Skip to content

Acute cardiovascular response to resistance training during cardiac rehabilitation: effect of repetition speed and rest periods.

by Michel Lamotte, Fany Fleury, Melissa Pirard, Alexander Jamon, Philippe van de Borne
European journal of cardiovascular prevention and rehabilitation : official journal of the European Society of Cardiology, Working Groups on Epidemiology & Prevention and Cardiac Rehabilitation and Exercise Physiology ()
Get full text at journal


BACKGROUND: Resistance training has been introduced into rehabilitation to improve the efficiency of the 1980s traditional training. Among the modalities, the choice of recovery period length or repetition speed is hardly explained in term of functional benefit but not in terms of cardiovascular (CV) response. To our knowledge, no investigation has been made on the acute CV effect of repetition speed and rest periods between sets of such training during rehabilitation.\n\nDESIGN AND METHODS: Our population included 17 male coronary patients. The experiment was performed on a leg extension device. A task force monitor noninvasive measurement system was used for continuous monitoring of the heart rate, systolic blood pressure and cardiac output. To evaluate the impact of the speed of contraction, individuals performed randomly, 3 x 10 repetitions (75% resistance maximum) at slow, moderate or fast pace. To evaluate the effect of the recovery period, individuals performed randomly, 3 x 10 repetitions separated by 30, 60, 90 or 120 s.\n\nRESULTS: We observed a progressive drift of heart rate, systolic blood pressure and cardiac output between each rest period and sets for all the modalities. These drifts were more pronounced when the rhythm of contraction was slow or when the recovery period was short (30 or 60 s).\n\nCONCLUSION: This work confirms the results of an earlier study showing that the main factor affecting the CV response is the length of the set. The 'ideal modality' should be three sets of 10 repetitions, at 75% resistance maximum, fast executed, with a 90 s recovery period between successive sets.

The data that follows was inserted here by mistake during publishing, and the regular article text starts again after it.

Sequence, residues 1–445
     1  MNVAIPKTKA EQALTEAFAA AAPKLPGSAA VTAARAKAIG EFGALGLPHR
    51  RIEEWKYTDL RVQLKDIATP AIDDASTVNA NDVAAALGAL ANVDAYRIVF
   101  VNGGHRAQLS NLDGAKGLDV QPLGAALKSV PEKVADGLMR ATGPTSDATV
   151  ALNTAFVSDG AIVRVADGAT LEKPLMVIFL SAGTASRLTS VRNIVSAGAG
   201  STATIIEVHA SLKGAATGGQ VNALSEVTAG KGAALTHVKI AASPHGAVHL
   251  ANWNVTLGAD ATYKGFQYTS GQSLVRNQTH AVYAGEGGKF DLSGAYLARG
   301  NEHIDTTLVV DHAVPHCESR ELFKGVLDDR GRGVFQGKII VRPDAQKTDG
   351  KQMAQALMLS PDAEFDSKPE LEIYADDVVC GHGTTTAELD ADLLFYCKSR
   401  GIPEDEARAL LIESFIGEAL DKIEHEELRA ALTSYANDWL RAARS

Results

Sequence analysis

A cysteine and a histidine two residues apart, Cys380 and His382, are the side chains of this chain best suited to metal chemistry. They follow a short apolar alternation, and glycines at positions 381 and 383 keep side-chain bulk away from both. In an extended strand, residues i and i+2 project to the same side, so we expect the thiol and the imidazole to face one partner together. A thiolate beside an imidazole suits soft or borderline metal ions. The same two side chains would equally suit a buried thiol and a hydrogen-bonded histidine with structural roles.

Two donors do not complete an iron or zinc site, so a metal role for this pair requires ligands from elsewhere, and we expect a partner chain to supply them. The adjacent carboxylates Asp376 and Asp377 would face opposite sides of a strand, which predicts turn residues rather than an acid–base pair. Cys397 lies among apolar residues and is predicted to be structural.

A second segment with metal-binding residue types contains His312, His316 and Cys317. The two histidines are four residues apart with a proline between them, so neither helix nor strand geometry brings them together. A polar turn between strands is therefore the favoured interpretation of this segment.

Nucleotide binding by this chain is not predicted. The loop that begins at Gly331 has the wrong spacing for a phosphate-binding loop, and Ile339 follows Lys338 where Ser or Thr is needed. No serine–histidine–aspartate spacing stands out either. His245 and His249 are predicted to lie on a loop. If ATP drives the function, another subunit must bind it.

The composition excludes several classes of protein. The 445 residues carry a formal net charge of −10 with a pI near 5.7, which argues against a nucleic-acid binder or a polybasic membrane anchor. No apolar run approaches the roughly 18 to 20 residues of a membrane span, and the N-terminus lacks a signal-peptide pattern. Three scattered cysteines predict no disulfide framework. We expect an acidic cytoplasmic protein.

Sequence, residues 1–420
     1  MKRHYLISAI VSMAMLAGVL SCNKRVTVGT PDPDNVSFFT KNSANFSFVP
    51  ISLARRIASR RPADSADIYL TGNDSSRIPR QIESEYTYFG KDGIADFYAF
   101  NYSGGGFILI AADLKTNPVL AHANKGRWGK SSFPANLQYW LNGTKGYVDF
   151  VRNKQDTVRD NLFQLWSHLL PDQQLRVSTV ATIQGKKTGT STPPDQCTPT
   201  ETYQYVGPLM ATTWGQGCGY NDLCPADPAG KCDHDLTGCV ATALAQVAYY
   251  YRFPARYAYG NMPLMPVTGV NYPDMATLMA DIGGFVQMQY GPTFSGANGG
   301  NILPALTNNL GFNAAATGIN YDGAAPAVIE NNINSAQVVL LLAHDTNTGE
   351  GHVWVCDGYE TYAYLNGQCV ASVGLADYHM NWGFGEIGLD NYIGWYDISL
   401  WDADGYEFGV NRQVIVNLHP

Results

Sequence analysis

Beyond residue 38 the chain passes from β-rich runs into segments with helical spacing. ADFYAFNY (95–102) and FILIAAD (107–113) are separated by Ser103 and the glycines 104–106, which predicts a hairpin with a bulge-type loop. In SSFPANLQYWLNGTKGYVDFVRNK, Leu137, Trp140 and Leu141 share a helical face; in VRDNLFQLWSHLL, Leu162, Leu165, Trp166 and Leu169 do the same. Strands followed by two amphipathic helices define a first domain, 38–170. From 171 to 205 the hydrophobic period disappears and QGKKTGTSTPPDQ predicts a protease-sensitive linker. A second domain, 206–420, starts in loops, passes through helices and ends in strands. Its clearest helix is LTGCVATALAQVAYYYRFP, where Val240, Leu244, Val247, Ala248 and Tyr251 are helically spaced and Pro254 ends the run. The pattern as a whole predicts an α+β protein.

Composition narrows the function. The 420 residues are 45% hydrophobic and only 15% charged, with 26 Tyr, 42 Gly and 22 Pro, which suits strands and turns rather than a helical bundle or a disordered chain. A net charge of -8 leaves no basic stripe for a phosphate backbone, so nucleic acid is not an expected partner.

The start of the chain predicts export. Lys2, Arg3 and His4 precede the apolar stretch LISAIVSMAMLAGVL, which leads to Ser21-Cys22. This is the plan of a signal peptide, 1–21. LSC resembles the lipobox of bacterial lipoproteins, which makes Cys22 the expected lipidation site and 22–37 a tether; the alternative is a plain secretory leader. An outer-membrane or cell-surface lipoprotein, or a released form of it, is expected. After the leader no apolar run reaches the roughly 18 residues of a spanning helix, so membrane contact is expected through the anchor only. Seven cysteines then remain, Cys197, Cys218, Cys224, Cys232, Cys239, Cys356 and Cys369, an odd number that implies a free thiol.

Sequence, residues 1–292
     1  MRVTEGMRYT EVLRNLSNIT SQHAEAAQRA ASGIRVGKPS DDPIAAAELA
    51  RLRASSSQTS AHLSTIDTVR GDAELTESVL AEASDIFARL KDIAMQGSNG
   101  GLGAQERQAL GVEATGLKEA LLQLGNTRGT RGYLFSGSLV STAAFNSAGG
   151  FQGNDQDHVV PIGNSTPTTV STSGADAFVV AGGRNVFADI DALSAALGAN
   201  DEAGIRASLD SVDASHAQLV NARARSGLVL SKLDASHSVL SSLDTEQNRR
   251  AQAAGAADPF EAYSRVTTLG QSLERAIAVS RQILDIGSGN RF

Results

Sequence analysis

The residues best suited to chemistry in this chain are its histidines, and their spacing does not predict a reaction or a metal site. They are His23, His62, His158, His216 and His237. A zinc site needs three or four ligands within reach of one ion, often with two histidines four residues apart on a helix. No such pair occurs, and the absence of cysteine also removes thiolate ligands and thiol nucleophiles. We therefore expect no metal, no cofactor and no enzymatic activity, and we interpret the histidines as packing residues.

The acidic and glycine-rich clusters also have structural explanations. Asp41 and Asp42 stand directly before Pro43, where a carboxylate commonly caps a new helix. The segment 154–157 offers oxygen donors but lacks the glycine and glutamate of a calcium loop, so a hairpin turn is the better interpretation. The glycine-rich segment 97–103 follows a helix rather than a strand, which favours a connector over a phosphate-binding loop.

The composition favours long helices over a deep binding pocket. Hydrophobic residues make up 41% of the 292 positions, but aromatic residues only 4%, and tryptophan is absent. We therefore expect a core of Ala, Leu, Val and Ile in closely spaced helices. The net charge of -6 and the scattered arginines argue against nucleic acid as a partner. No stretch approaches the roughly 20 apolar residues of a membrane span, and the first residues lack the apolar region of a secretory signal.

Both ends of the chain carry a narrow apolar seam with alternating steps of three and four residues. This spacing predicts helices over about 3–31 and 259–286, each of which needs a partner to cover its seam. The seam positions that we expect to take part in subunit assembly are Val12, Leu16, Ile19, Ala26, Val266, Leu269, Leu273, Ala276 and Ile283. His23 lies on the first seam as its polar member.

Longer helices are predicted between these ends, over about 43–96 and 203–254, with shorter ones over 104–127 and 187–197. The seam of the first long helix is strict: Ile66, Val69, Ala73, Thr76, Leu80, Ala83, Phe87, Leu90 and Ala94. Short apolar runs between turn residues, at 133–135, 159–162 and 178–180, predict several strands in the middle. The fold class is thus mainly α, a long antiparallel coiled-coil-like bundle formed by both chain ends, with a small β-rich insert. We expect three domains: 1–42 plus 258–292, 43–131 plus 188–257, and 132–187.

Cite this document (BETA)

Readership Statistics

40 Readers on Mendeley
by Discipline
50% Medicine and Dentistry
33% Sports and Recreations
8% Nursing and Health Professions
by Academic Status
23% Student > Ph. D. Student
23% Researcher
10% Professor > Associate Professor
by Country
3% Spain
3% Brazil
3% Japan

Sign up today - FREE

Mendeley saves you time finding and organizing research. Learn more

  • All your research in one place
  • Add and import papers easily
  • Access it anywhere, anytime

Start using Mendeley in seconds!

Sign up & Download

Already have an account? Sign in